If you’re linking to another site in your site-wide navigation, and it’s not one of your social media profiles, odds are you should remove the link.
From a pure PageRank standpoint, external links dilute the authority that gets passed back to your own site. This isn’t to say that you shouldn’t be linking to anybody else (which would utterly defeat the purpose of using links as a ranking factor). But outbound links in your own site navigation compound the losses by affecting every page.
Of course, Google has come a long way since the original PageRank algorithm, but there’s another reason why external links in the navigation are iffy: It’s easy for them to look like spam.
The situation is, of course, far worse if the links use keyword anchor text or if the links are placed somewhere where they could be confused for internal site navigation.
Outbound links in the primary content are generally not an issue, but it is important to screen them for quality. Links to “bad neighborhoods” can get a site penalized by Google’s spam team or pushed down the rankings by anti-spam algorithms.
And, of course, it is absolutely crucial that you always nofollow advertisement links of any kind.
4. Not enough outbound links
The idea that “a little bit of knowledge is a dangerous thing” definitely applies here. A limited understanding of how the search engines work leads some to believe that they should never link to another site. While it’s true that the pure PageRank algorithm would suggest this, it’s simply not how things work out in the field.
A case study by Reboot Online makes a pretty clear case for this. They created 10 sites featuring a nonsense keyword, five featuring authoritative outbound links and five not.
The results were about as definitive as possible for a study of this size: All five of the sites with outbound links performed better than the sites without them.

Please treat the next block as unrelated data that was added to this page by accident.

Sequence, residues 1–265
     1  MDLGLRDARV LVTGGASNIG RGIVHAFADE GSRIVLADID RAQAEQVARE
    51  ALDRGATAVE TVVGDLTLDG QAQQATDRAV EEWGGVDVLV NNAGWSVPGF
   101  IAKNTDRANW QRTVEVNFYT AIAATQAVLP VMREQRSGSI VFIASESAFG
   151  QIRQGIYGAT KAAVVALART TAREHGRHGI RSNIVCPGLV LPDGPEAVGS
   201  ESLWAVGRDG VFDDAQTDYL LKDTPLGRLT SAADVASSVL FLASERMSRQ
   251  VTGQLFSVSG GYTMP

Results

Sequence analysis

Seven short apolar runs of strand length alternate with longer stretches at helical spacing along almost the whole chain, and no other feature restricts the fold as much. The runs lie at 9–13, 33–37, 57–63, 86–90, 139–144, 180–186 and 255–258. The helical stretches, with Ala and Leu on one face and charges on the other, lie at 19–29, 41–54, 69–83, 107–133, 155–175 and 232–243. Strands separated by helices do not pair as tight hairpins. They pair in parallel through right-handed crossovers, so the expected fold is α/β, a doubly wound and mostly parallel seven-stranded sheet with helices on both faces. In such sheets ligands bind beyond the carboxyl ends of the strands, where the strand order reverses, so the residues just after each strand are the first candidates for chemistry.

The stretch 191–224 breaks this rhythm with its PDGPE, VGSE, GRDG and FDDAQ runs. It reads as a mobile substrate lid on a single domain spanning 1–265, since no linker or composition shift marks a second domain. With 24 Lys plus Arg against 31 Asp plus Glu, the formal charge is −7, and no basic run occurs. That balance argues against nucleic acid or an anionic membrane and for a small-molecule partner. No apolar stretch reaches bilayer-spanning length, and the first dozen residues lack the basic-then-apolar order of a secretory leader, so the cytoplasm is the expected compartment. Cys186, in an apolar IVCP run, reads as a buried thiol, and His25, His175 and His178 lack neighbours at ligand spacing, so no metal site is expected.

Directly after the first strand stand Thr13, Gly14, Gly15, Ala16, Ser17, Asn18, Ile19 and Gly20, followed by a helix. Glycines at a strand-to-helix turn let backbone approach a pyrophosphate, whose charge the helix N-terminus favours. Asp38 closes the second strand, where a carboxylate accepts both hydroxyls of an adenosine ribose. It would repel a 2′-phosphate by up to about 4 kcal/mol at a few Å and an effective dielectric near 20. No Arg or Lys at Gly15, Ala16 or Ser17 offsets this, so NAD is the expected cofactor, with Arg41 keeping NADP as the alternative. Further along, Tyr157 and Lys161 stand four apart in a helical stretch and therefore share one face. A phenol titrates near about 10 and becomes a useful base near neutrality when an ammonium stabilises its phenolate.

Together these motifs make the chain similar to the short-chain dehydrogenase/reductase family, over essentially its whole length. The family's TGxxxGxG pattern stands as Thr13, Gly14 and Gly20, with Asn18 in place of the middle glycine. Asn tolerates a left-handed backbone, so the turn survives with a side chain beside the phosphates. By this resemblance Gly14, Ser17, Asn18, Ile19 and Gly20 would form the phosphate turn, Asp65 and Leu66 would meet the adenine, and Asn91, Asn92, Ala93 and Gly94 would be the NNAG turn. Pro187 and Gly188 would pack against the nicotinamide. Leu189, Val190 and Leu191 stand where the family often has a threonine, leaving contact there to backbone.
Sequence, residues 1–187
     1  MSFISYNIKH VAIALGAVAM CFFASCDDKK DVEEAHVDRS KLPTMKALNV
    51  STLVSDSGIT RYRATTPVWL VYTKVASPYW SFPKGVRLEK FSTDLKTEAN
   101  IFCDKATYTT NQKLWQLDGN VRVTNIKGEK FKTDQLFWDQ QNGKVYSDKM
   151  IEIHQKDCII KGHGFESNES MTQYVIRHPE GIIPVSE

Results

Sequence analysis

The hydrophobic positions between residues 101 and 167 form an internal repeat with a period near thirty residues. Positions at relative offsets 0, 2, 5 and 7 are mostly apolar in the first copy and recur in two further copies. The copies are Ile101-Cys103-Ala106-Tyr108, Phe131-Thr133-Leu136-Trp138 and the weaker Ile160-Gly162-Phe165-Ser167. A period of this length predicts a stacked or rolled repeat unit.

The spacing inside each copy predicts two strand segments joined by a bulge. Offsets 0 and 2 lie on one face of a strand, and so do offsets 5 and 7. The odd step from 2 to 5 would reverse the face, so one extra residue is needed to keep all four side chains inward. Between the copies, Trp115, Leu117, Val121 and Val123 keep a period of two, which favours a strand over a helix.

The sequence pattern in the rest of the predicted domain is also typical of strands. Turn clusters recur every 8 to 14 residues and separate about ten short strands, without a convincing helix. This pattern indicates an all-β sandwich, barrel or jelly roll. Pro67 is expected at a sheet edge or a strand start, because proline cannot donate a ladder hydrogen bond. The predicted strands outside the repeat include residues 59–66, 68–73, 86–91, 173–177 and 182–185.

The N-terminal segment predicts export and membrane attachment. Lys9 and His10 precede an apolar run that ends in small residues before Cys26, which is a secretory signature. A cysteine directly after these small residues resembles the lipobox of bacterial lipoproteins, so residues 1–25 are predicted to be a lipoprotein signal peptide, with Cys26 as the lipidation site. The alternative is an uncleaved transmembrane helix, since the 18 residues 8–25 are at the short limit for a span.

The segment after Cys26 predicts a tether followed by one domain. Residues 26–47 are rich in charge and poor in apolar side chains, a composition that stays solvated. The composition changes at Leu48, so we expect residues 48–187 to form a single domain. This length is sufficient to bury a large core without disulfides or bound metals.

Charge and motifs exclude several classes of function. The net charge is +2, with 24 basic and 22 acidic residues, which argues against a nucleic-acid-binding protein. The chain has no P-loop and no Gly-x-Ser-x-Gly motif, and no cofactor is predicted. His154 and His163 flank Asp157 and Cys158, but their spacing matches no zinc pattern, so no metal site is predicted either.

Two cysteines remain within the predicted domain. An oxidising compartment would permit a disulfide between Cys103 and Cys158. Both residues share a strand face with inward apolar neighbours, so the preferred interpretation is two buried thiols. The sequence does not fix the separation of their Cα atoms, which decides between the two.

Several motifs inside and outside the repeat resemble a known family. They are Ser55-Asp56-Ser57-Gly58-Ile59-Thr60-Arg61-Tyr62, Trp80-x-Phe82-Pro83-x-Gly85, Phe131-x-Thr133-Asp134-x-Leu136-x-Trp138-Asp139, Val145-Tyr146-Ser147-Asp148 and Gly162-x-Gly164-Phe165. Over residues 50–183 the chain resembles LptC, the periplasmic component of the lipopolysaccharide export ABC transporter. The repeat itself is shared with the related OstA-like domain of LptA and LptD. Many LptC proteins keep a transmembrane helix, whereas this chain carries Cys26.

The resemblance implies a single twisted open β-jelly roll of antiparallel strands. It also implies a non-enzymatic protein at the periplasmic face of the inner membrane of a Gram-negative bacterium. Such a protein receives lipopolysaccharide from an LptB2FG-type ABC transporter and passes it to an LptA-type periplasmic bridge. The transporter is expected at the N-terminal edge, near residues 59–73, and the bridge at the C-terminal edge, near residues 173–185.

In a post on PageRank sculpting by Google’s former head of web spam, Matt Cutts, he also mentions that “parts of our system encourage links to good sites,” which seems to confirm the idea that linking to other sites is important.
To be fair, John Mueller has openly stated that outbound links aren’t “specifically a ranking factor,” while adding that they “can bring value to your content and that in turn can be relevant for us in search.” In context of the Reboot Online study and Matt Cutts’s statement, this might be interpreted to mean that including citations boosts confidence in content, rather than meaning that outbound links have no effect at all.
Regardless, well-sourced content is a must if you want to be taken seriously — which may have a positive, if indirect, effect on rankings.
5. Poor internal link structure
There’s more than one right way to structure your links, but there are plenty of wrong ways to do it, too.
Let’s start with the basics. As the Google guidelines state:
Build your site with a logical link structure. Every page should be reachable from at least one static text link.
Your typical modern content management system will usually handle at least this much automatically. But this functionality sometimes gets broken. One dangerous myth is that you are supposed to canonicalize multiple page posts back to the first page. In reality, you should either leave well enough alone or canonicalize to a single page that contains the entire post. This goes for archives and similar pages, too. Canonicalizing these pages runs the risk of erasing the links on these pages from the search index.
A completely flat link architecture is another common issue. Some take the idea that every page needs to be accessible through links a bit too far, including links to virtually every page on the site within the navigation.
From the user perspective, this creates obvious issues by making it very difficult to locate appropriate pages.
But this confusion passes on to the search engines and the way that they interpret your site. Without a clear hierarchy, search engines have a very difficult time parsing which pages on your site are most important, which pages cover which topics, and so on.